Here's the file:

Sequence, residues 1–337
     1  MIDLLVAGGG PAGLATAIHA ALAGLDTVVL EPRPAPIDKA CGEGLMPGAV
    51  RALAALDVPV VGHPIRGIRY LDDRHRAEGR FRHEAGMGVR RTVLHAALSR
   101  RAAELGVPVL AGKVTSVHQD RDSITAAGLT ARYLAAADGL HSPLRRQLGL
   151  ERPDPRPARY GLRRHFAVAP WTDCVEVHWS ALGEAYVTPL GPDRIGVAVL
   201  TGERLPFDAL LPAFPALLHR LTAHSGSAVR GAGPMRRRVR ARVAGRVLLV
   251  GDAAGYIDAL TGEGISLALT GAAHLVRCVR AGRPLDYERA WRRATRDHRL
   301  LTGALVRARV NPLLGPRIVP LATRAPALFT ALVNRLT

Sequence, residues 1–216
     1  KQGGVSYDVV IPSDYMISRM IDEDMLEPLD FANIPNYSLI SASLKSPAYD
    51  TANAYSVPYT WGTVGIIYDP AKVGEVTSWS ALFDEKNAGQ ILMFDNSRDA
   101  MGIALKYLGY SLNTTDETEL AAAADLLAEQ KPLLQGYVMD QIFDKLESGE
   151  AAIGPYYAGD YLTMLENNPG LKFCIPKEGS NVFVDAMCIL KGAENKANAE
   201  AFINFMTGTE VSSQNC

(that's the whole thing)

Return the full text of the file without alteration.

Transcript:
Sequence, residues 1–337
     1  MIDLLVAGGG PAGLATAIHA ALAGLDTVVL EPRPAPIDKA CGEGLMPGAV
    51  RALAALDVPV VGHPIRGIRY LDDRHRAEGR FRHEAGMGVR RTVLHAALSR
   101  RAAELGVPVL AGKVTSVHQD RDSITAAGLT ARYLAAADGL HSPLRRQLGL
   151  ERPDPRPARY GLRRHFAVAP WTDCVEVHWS ALGEAYVTPL GPDRIGVAVL
   201  TGERLPFDAL LPAFPALLHR LTAHSGSAVR GAGPMRRRVR ARVAGRVLLV
   251  GDAAGYIDAL TGEGISLALT GAAHLVRCVR AGRPLDYERA WRRATRDHRL
   301  LTGALVRARV NPLLGPRIVP LATRAPALFT ALVNRLT

Sequence, residues 1–216
     1  KQGGVSYDVV IPSDYMISRM IDEDMLEPLD FANIPNYSLI SASLKSPAYD
    51  TANAYSVPYT WGTVGIIYDP AKVGEVTSWS ALFDEKNAGQ ILMFDNSRDA
   101  MGIALKYLGY SLNTTDETEL AAAADLLAEQ KPLLQGYVMD QIFDKLESGE
   151  AAIGPYYAGD YLTMLENNPG LKFCIPKEGS NVFVDAMCIL KGAENKANAE
   201  AFINFMTGTE VSSQNC